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Amelia

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  • Website URL
    www.ameliawrededavis.com

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  • Location
    tacoma, wa
  • Interests
    pottery, knitting + sewing, herbal/folk medicine, gardening, walking my dogs at the beach or in the woods, baking sourdough bread

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  1. Thanks @Bill Kielb! Very good call. Most multimeters work on kilns right? i.e. I can just pick one up at the hardware store? I’m going to pick up my new elements Monday and honestly think I’ll just switch them all out while I’m in “kiln-repair mode”.
  2. Just got off the phone with a skutt tech and he is thinking it is the thermocouple. I ruled that out because I always heard kilns will overfire if it is a thermocouple issue- but I guess he sees the opposite with people doing cone 6 firings (if I heard him correctly). Definitely need to repair the elements soon (ordering them now), but I can probably get a few more firings beforehand if I just switch the thermocouple out. Figured I’d give an update in case anyone else runs into this in the future!
  3. @Mark C. Thanks for the reminder on the bisque firing temp range! That totally makes sense. I’m assuming my elements are in need of a change and I just waited a little too long.
  4. I just opened up my 04 bisque load to find that the cone packs I put in barely moved at all and didn’t change color! I haven’t had this happen before. The pots look good (same color and “ping” like they usually do after the bisque), it took 14 hours (on slow and with a little preheat), and the review says it reached 1941 F. I’m a little nervous to do a glaze firing if something is up. My elements are on their way out- but definitely still have life in them. It’s a skutt 1227 for reference. Curious if anyone has seen this or has any thoughts. Thanks! (not sure why this photo uploaded sideways...sorry!)
  5. @neilestrickwow thanks!! I appreciate the tips so much!
  6. @oldladythanks for the info! It is a skutt 1227, so honestly I probably couldn’t fit it into the back of my Subaru outback (with 2 dogs!). But perhaps I could put some parts in the back and then pad the sections very very well to put in the container . I’m assuming we will be using pods.com or some other type of portable shipping container system. My last move I used them and everything got there safely and without much movement inside. I guess there is always a gamble, but perhaps packed well enough it could be worth it? I’ll have to do some test packs to see what I can fit in my car.
  7. Hello! I am in the beginning stages of planning for a cross country move and I was wondering if anyone had any insight as to whether moving with a kiln and pug mill cross country would work- or if it would be wiser to sell them out here and buy back east. We will be using something like pods.com and it seems like both of these pieces of equipment (wrapped and secured well enough) are pretty sturdy...but I keep going back and forth and curious if anyone has any experience! Thank you! Amelia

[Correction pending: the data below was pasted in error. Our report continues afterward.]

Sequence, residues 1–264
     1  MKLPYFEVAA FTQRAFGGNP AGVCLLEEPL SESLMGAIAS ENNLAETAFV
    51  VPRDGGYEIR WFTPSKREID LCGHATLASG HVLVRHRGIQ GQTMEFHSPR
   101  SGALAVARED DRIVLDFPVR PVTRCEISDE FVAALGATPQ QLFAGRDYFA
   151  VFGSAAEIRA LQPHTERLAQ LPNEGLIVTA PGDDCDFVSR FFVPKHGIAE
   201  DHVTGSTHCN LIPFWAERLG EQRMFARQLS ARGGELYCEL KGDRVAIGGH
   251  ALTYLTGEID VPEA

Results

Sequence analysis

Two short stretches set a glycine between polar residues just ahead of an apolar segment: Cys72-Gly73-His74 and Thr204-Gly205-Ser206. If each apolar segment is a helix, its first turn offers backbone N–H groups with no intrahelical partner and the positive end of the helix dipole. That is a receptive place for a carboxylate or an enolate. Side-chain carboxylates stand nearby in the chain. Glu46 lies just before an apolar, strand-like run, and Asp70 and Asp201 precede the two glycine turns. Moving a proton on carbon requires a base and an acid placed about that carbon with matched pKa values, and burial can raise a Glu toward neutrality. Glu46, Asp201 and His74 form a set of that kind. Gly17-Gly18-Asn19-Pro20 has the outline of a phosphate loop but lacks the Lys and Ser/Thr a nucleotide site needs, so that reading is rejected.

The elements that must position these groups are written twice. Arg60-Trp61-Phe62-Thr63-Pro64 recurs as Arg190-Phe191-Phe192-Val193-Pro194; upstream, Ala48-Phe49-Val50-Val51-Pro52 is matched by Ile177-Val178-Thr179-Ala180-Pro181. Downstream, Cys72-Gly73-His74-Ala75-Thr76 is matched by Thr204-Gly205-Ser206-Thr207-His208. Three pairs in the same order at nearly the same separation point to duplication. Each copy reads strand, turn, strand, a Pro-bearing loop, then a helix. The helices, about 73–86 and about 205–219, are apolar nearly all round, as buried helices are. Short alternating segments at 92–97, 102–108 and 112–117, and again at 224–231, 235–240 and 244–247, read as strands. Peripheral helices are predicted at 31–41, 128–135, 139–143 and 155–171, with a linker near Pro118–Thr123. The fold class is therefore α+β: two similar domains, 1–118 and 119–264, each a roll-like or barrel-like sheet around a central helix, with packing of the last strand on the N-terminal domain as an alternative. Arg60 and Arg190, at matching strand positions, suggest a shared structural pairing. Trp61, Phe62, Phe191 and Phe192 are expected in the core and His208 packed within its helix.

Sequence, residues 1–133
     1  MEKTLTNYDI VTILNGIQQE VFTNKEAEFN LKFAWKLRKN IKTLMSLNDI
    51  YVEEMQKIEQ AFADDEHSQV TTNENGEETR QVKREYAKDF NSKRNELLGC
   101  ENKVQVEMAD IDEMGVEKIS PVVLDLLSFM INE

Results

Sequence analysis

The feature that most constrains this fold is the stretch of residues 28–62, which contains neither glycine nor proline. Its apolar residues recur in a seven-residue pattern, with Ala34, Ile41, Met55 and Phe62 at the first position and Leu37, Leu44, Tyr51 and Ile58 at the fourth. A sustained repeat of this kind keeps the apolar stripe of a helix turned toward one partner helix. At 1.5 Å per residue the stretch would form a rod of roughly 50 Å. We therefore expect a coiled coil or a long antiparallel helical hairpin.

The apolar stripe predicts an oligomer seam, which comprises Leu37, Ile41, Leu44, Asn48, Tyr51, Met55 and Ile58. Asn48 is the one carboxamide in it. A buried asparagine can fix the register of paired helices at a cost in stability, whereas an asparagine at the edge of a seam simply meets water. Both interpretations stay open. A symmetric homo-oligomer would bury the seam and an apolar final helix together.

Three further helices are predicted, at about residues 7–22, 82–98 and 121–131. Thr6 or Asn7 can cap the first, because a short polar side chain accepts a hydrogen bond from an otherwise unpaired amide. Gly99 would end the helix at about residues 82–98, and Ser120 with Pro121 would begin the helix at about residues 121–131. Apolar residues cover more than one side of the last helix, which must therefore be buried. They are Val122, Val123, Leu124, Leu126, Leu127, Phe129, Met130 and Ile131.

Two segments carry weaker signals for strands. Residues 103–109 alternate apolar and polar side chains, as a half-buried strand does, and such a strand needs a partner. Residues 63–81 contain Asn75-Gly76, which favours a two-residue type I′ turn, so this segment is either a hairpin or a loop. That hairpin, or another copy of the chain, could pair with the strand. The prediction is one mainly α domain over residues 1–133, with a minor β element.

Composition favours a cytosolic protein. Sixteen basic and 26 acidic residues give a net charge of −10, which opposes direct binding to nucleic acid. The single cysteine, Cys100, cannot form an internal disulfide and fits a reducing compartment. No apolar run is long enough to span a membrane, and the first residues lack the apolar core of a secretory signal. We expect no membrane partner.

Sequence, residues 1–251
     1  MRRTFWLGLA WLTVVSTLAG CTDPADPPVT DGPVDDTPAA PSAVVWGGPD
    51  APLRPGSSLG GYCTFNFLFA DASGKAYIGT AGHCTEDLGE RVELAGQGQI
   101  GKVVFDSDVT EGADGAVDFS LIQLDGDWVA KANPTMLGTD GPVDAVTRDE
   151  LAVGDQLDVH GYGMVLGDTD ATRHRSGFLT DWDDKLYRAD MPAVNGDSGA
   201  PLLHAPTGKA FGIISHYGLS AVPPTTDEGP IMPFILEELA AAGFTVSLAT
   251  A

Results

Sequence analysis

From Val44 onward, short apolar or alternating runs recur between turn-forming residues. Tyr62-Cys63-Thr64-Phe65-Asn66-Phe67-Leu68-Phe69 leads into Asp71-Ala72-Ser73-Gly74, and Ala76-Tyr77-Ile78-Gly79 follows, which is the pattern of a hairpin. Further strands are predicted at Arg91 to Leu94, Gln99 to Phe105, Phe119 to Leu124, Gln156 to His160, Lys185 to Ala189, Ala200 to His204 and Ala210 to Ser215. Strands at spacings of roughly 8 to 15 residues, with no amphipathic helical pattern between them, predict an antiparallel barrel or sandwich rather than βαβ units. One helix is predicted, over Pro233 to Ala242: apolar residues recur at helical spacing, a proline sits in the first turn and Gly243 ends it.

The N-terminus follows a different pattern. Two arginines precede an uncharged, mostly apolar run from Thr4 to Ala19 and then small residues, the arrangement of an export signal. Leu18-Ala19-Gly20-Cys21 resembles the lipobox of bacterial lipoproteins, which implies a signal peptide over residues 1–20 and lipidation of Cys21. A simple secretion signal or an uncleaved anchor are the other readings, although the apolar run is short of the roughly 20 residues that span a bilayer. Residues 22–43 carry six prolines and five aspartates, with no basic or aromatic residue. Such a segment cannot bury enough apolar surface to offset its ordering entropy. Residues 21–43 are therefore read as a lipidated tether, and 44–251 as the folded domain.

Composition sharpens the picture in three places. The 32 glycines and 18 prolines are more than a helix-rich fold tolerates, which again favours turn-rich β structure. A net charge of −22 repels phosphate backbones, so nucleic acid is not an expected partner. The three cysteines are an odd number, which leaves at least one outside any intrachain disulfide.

8. A while back I had some very minor flooding in our basement. Two kiln shelves were leaning against the wall with the bottom edge sitting in maybe 1/2” (or less) of water - and this yellow/green discoloration appeared. Has anyone else had this happen? Not sure if it was something in the kiln wash that reacted or what- but I’ve been hesitant to use them in a firing. Any thoughts would be greatly appreciated! Thanks!
  9. It's so interesting hearing all the systems people have in place! I have been making a decent living as a potter for about 4 years now, and I will just throw in my two cents: making the pots is such a small facet of the workload. Emails, social media, packing, other office work, etc. are really the time-suckers and what inevitably brings business in (after dabbling with hiring assistants, eventually decided I liked working alone- so of course it is much different for folks with steady help). The amount I am physically making always fluctuates though depending on the season and also how I am personally feeling. I tend to base my workload off of shop updates/preorders or other deadlines and work backwards from there. With little rests in between. Less day-to-day goals and more of a firing-to-firing goals for me. Likewise, many weeks I set out with throwing goals and they get completely squashed with other facets of the business that need more attention, haha. It feels more like "throw what I can each week" rather than "how much can I possibly throw in a day". Sometimes I wish it were the latter . Going into it I thought I would need to be hyper-organized and time myself to do the math, make "x" amount a day with stagnant consistency, etc. because I saw that is what other "successful" potters did, but over time I just have a flow which feels good for my body and mind and worked with my annual revenue "goals". I also quickly woke up to the much smaller amount of actual studio time I get than one might think a full time potter would have!
  10. Anyone have thoughts or tips on refiring a bowl with a small spot that has crawled ? I’m pretty sure I just glazed it a little thick in that area (I haven’t had any crawling with this glaze- hundreds of pots later). Thinking I can just apply some glaze to patch the spot and refire? But not sure if once it crawls, there is no fixing. Any tips appreciated! Thanks!!
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